Property from a Private Southern Collection
1859 - 1942
CANAL DONA ONESTA
signed Rubens Santoro (lower right); inscribed Canal Dona Onesta/ Venise (on the stretcher)
oil on canvas
19¾ by 14½ in.
50.2 by 36.8 cm
Not examined out of the frame. Lined. The work presents well with bright colors. Under UV: scattered, old, fine dashes of retouching visible in the sky. A small area of fine retouching on the underside of the balcony at upper left.
In response to your inquiry, we are pleased to provide you with a general report of the condition of the property described above. Since we are not professional conservators or restorers, we urge you to consult with a restorer or conservator of your choice who will be better able to provide a detailed, professional report. Prospective buyers should inspect each lot to satisfy themselves as to condition and must understand that any statement made by Sotheby's is merely a subjective qualified opinion.
NOTWITHSTANDING THIS REPORT OR ANY DISCUSSIONS CONCERNING CONDITION OF A LOT, ALL LOTS ARE OFFERED AND SOLD "AS IS" IN ACCORDANCE WITH THE CONDITIONS OF SALE PRINTED IN THE CATALOGUE.
Richard Green, London
Private Collection, United States
Rubens Santoro’s oeuvre celebrates Venice’s elegant architecture and magical urban setting. While he is most often recognized for his depictions of the grand facades of the city’s most majestic structures on the Grand Canal, Santoro did turn a more intimate eye on quieter streets and less-traveled waterways. The present view likely depicts the cupola of Chiesa di San Nicolò da Tolentino, glimpsed from the narrow Fondamenta del Forner on the rio de la Frescada. To the left is the Ca ’Bottacin, built in the fifteenth century by the Dalla Frescada family. The home passed through some of the most well-known Venetian families – the Corners owned the palazzo before it was home to Doge Pietro Loredan between 1567 and 1570 – but is now part of the Ca 'Foscari University of Venice.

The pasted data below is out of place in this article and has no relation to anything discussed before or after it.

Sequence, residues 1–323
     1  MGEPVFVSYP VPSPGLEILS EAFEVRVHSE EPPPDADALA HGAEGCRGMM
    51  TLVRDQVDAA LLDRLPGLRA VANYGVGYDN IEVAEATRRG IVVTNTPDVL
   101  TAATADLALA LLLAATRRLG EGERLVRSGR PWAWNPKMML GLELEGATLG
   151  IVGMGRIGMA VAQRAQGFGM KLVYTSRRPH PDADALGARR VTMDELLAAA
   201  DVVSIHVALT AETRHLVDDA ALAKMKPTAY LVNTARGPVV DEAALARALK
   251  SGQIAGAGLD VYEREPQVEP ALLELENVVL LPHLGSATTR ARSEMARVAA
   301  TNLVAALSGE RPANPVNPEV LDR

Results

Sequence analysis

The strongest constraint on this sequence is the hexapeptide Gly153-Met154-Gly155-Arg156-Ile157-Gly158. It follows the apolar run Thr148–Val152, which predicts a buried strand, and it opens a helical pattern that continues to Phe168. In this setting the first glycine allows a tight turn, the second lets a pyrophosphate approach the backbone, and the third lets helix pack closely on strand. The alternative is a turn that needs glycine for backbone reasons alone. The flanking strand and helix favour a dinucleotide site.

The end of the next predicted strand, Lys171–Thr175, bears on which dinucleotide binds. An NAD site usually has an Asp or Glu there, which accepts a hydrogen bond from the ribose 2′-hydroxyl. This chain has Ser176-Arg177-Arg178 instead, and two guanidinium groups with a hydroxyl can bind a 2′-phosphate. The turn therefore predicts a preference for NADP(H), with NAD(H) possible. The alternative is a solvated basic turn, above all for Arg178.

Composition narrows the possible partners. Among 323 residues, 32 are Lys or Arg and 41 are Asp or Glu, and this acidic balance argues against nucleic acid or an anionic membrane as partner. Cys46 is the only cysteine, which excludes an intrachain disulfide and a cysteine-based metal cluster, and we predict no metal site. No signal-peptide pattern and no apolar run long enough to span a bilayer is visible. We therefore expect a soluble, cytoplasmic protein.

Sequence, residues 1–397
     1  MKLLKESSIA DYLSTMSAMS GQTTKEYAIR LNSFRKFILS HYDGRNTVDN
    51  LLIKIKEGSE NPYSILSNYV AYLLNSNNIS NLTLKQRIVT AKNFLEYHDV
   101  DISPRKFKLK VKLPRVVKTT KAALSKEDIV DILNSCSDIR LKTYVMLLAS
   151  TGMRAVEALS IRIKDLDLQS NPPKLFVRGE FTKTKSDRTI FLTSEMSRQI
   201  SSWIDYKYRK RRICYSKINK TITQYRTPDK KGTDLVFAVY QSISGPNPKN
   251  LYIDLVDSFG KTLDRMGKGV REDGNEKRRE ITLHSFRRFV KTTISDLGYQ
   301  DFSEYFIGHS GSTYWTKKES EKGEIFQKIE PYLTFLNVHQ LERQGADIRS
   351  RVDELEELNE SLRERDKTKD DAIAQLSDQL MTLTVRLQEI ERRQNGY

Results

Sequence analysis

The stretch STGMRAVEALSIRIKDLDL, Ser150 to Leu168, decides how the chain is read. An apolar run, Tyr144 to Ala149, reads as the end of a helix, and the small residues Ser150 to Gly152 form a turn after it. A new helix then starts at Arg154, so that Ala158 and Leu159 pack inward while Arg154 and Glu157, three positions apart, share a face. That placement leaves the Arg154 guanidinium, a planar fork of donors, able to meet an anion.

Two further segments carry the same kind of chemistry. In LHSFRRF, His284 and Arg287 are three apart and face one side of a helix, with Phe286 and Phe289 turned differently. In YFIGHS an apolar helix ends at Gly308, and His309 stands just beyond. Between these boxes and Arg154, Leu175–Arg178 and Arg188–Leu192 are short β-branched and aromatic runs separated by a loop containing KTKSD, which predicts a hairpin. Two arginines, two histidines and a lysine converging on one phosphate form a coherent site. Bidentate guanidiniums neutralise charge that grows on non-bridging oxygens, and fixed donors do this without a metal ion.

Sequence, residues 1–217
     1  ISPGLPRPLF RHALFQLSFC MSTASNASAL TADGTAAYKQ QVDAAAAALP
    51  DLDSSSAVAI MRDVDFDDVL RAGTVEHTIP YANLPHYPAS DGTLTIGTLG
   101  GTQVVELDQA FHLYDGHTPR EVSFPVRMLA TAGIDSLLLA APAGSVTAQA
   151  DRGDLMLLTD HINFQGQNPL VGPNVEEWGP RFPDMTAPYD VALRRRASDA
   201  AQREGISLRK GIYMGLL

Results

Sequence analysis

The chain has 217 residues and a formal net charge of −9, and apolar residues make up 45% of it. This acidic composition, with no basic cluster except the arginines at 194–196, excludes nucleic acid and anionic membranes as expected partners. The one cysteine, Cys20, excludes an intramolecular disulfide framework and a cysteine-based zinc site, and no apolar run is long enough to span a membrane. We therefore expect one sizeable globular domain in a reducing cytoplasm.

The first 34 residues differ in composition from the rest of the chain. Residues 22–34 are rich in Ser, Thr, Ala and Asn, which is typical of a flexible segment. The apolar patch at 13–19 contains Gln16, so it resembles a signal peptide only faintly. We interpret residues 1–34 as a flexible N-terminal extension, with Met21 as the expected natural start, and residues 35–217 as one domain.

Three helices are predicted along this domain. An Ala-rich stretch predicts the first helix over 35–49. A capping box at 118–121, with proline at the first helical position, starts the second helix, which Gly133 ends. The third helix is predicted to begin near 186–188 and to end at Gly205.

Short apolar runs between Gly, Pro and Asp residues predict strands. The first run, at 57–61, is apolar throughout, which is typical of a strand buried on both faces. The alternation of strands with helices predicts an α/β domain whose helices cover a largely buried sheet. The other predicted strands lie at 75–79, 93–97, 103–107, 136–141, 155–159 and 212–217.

Late nineteenth century visitors would also discover this unique atmosphere of faded beauty in The Aspern Papers (1888); written by Henry James, the American author who fell under the city’s spell, this novella takes place in a faded old palazzo filled with mystery. As James described, the palazzo “was a house of the class which in Venice carries even in extreme dilapidation the dignified name…. It was not particularly old, only two or three centuries.” James was captivated by the evocative areas of lesser-known Venice, which inspired him to experiment with new narrative form and style. Similarly, Santoro uses these overlooked neighborhoods to develop a new visual vocabulary of daily Venetian life: sheets drying in the breeze; subtle earth tones of crumbling building plasters; faded awnings which provide shade to passerbys; humble gondolas that serve as utilitarian transportation, not a touristic fancy. This is the Venice of the Venetians, who live every day amongst the magic of the city—unseen by many, yet sensitively recorded by Santoro’s brush.